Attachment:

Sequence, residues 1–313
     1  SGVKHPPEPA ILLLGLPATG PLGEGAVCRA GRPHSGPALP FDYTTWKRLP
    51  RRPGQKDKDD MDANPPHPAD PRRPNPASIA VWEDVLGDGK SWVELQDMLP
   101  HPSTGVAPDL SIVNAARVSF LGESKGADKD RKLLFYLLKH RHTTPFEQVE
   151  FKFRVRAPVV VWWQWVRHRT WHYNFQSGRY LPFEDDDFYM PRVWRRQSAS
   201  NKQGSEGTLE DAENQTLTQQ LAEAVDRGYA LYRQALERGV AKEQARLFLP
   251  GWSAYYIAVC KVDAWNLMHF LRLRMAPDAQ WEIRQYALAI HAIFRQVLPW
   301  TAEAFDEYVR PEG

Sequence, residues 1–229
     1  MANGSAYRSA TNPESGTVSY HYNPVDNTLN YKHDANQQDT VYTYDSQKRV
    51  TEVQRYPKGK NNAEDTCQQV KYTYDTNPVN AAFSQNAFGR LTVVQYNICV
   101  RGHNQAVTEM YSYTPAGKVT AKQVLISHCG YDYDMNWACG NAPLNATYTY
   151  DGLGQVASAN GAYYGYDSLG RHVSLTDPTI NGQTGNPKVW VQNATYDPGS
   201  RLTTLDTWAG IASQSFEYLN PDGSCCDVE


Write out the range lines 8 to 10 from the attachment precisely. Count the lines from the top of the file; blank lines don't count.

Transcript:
   301  TAEAFDEYVR PEG

Sequence, residues 1–229
     1  MANGSAYRSA TNPESGTVSY HYNPVDNTLN YKHDANQQDT VYTYDSQKRV